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Ten Tips for Keeping your Relationship Healthy when you work in High Performance Sport

 

The term “Sporting Widow” (or widower) is almost a cliche in high performance sport as many, many relationships have fallen apart in the industry due to the demands and pressures of travel, preparation, competition, training camps etc etc.

This article is for all my coaching, sports science, sports medicine and sports management colleagues (and their long suffering partners and families) written after many years chatting over beers and lamenting the challenges of working on the road, away from loved ones trying to balance success in high performance sport with a successful relationship.

  1. The presents you buy when you travel are for YOU – not for the people at home. The biggest “sucker” deal in sport. You are away from home. You are lonely. Missing the kids and your partner. So you go and spend 500 bucks on a pile of expensive presents. Whilst the family will no doubt love the gifts, the bottom line is you bought the presents for yourself to make yourself feel better and alleviate some of the guilt you feel by being away from home. AND – there is a direct and linear relationship between how bad you feel and the cost and number of the presents you buy!
  2. No matter what you are doing, when your partner calls, you are always busy and hard at work.I know we get to go to some glamorous and exciting places working in high performance sport, but someone who is at home with four screaming kids, a pile of housework to do and who had three hours sleep last night does not want to hear about it. Don’t lie! But there is no need to talk about how great your day was when theirs may have been very tough.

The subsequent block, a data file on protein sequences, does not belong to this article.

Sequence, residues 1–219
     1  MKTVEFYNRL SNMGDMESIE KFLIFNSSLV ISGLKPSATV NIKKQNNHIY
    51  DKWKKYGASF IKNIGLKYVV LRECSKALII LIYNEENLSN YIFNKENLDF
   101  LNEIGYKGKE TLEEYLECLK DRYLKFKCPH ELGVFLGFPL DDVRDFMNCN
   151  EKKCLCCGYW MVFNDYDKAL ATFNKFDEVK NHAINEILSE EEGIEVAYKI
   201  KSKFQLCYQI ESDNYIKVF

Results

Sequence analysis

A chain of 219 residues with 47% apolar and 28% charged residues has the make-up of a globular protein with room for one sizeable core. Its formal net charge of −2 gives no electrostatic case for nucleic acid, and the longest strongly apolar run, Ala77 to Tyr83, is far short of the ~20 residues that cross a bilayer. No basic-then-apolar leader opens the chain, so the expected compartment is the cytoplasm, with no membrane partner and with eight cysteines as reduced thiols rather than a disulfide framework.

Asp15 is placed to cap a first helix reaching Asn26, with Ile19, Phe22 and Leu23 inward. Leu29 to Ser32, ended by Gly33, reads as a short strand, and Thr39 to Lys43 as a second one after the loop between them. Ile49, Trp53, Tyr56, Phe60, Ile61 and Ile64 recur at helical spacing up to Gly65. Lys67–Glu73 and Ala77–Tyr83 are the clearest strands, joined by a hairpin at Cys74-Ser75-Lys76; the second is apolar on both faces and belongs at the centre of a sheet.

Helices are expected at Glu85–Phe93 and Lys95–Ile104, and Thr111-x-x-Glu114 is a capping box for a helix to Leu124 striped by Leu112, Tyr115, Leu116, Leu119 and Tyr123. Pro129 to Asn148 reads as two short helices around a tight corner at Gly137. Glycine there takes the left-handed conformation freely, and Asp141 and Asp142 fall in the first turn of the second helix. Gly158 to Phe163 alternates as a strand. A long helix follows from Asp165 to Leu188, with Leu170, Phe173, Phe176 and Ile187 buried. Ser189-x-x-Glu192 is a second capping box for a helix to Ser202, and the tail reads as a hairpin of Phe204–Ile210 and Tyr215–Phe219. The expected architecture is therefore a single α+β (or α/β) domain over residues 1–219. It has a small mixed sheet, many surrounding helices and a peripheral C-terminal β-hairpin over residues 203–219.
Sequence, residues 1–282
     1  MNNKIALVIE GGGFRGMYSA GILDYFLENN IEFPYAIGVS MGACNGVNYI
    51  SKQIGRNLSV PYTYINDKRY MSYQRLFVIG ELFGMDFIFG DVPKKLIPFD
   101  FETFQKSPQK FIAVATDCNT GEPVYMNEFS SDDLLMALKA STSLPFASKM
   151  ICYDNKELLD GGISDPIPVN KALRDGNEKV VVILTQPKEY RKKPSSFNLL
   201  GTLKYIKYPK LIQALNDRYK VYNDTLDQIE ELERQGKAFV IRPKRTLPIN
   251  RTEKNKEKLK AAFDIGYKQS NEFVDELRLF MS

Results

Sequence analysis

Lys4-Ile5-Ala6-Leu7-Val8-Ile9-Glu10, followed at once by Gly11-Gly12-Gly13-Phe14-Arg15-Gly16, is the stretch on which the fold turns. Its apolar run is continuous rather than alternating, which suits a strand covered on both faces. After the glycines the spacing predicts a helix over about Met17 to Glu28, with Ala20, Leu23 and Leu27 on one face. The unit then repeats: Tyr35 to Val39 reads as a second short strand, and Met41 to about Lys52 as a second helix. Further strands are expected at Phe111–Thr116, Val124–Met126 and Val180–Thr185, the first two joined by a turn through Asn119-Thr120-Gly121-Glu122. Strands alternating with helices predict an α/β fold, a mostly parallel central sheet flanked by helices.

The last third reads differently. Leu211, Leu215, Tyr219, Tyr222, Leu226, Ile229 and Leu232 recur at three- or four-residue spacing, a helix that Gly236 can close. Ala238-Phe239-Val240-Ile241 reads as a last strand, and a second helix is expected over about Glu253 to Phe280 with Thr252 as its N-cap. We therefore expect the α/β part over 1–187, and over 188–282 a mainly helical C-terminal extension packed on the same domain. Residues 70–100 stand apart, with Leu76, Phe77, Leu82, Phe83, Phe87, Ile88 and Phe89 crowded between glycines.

3. When your partner calls, always ask about her / his day first before talking about yours and when you do talk about your day – no matter how interesting it is – keep it to less than one minute. We have all fallen for this one. Because what we do it so exciting and interesting we all fall for the trap of believing our professional life is the centre of the universe. Sure you could talk for weeks about the training and the competition and who beat who and how fast they ran etc etc but listen ten times more than you talk!
  4. The things happening at home are MORE important than whatever you are doing – even if they’re not. I was at the Olympics, doing something that was important to the team and one athlete in particular. My wife called and wanted to talk about what type of curtains she wanted to buy for the kid’s rooms. Even though what I was doing seemed very important, what she was doing, to her and at home, was far more important. What you do might get the media attention and the kudos but what the family is doing is of EQUAL or even GREATER importance.
  5. When you get home, no matter how tired you are, offer to help out with the kids, the housework, the shopping or something else.
  6. Absolute, total, unconditional loyalty at all times.Should go without saying but we have all seen more than one marriage fall apart because of the temptations of being on the road, in a high pressure environment, in glamorous settings and thousands of kms from home. Think of the situation in reverse. If you came home early and found your partner being less than “loyal”, how would you feel? Being in Paris, celebrating a world record win or in New York having a good time after winning a gold medal does not justify the wedding ring coming off!
  7. Do one caring, considerate, thoughtful thing for your partner everyday. Doesn’t have to cost money. Could be a text message, a caring email, a letter or postcard, a quick call – doesn’t need to be much: just from the heart.